The candidacy of Vermont Senator Bernie Sanders has reenergized a progressive tranche of the Democratic party disillusioned with the capture of Washington by private interests.
Similar to what we've seen working so well in the Republican party this cycle, Sanders has a populist appeal among working-class voters who feel disenfranchised while much of the country has bounced back from the great recession of the late 2000s.
The incredible wealth of support Sanders has amassed is illustrated by his fundraising successes over the past many months. As of Feb. 29, Sanders had raised $140 million, with a publicized average around $27 from 5.7 million contributions, the FEC reports.
Despite his amazing rise over the past year, Sanders at this point faces a difficult if not impossible path to the Democratic nomination. He has collected a total of 946 delegates and superdelegates, compared to Hillary Clinton’s 1,690. The former Secretary of State’s lead is significant.
Without superdelegates, however, the tally is much closer: Clinton with 1,223 and Sanders at 920. Clinton has support from 467 superdelegates and Sanders is backed by a comparatively measly 26.
As recently as mid-March, Sanders told MSNBC that he believes he is the strongest candidate to take on Donald Trump in the fall: “We have received more votes from people under 30 than Secretary Clinton and Donald Trump combined… I think I am a stronger candidate to defeat Trump than Secretary Clinton is, and I think many of the superdelegates understand that.”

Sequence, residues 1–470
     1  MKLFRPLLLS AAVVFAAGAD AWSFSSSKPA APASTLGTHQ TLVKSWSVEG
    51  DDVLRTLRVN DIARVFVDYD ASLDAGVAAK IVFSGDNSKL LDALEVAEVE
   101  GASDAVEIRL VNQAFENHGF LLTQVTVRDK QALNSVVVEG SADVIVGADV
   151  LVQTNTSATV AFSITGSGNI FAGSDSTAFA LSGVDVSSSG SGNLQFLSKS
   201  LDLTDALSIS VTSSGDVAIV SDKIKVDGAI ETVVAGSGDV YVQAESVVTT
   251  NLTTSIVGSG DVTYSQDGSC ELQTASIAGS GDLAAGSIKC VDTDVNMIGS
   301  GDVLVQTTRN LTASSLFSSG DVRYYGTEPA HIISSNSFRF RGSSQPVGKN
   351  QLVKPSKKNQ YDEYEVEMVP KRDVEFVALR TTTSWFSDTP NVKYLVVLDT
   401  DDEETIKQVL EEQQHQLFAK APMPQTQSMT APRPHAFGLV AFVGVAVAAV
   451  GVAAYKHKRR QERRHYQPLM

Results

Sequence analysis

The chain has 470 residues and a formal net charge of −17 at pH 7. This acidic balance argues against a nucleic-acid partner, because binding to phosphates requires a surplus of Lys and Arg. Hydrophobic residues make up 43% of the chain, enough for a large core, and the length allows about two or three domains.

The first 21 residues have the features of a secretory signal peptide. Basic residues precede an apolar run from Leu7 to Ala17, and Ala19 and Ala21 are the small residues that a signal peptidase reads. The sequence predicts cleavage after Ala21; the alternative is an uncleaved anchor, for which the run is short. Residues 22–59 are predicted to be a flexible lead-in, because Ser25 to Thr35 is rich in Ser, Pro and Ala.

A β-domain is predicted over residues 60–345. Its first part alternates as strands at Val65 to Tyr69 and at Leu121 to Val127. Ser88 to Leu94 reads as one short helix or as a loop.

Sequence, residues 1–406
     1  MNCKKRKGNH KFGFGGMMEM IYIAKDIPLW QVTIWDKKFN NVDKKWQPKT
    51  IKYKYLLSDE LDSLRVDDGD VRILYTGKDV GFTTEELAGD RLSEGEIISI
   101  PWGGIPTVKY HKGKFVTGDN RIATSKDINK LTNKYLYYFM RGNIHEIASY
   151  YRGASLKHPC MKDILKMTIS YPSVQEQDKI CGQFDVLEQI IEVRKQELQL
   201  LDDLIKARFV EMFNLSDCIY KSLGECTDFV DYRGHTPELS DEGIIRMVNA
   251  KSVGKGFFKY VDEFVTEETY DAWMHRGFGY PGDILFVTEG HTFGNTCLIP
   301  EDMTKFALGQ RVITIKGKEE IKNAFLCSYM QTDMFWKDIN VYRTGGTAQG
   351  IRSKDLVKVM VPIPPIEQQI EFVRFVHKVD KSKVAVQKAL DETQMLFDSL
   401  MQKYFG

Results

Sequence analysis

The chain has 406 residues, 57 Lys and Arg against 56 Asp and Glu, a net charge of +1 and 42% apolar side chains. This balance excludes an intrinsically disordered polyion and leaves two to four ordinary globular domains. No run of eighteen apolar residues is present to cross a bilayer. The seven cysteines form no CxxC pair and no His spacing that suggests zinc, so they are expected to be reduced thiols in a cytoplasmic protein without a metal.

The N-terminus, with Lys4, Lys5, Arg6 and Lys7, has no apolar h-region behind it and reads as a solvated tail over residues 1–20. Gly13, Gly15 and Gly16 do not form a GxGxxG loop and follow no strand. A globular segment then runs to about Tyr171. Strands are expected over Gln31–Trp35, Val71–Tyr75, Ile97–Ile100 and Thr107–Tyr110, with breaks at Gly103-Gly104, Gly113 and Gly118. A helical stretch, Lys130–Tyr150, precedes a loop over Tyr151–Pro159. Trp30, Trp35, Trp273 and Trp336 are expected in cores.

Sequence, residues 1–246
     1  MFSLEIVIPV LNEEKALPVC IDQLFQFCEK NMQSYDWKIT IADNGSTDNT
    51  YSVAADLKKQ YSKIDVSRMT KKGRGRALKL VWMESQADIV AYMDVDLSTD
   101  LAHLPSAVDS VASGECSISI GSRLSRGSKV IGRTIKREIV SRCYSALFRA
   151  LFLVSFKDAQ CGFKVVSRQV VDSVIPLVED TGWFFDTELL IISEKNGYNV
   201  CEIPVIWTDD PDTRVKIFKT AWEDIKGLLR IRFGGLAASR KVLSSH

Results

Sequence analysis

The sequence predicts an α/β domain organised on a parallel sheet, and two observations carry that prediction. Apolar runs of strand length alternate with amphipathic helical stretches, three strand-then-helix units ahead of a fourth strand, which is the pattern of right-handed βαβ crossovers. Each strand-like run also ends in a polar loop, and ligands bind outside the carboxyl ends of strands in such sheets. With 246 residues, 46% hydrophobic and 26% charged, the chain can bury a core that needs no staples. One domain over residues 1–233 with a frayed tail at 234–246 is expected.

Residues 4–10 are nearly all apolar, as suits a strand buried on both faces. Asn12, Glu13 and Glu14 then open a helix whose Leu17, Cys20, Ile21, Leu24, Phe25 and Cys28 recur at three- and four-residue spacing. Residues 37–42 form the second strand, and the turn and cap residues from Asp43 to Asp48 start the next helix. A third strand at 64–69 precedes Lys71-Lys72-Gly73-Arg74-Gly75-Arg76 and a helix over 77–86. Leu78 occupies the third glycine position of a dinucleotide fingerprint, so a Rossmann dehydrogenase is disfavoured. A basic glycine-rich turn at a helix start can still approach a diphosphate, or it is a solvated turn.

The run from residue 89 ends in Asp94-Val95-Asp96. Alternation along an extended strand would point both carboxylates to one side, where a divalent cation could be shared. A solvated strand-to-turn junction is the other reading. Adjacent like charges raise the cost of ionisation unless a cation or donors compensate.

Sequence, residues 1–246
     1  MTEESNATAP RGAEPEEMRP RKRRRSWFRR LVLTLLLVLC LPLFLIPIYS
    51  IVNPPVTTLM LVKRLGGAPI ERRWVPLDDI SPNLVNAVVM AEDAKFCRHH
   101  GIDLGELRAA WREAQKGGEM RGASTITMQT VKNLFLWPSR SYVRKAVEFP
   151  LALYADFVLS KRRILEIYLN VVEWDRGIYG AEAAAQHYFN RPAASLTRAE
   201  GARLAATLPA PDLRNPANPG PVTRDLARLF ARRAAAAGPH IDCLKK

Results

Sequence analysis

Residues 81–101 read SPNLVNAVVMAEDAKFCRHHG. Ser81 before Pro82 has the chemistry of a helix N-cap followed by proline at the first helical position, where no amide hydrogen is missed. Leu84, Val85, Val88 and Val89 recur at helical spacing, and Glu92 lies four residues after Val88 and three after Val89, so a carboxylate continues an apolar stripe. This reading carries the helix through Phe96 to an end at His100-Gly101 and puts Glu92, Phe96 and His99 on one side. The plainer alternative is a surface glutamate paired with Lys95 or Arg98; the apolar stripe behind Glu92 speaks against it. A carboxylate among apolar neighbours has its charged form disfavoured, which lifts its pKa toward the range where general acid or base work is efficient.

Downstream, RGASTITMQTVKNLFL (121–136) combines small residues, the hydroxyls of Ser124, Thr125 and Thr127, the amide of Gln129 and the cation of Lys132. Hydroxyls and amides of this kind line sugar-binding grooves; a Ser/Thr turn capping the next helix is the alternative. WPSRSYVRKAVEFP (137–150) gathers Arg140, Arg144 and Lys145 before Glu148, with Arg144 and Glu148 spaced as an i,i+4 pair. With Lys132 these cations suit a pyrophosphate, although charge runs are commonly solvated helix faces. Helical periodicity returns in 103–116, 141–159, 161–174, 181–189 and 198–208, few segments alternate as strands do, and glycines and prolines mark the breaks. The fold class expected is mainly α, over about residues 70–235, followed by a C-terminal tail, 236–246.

Much of his campaign has focused on differences between himself and front-runner Clinton on issues of international trade and financial regulation, among others.
Now Democratic lawmakers have started calling on him to move aside. New Hampshire Senator Jeanne Shaheen explained: “It’s good [for Sanders] to continue to raise the concerns that people have, but I think it ought to be in the context of, ‘This is the difference between the Democrats and Republicans in this race.’”
In other words -- if you want to stick around, Bernie, lay off of Hillary.
However, “Sanders has managed something Clinton has been ill-equipped to do: connect with a variety of demographic groups who love Barack Obama but feel left behind by Obama’s recovery,” as John Hudah noted in a post for the Brookings Institution.
Clinton will need that demographic to win in November. We’ll have to wait and see when Sanders feels comfortable handing the progressive reigns over to his opponent, the almost-inevitable Democratic nominee.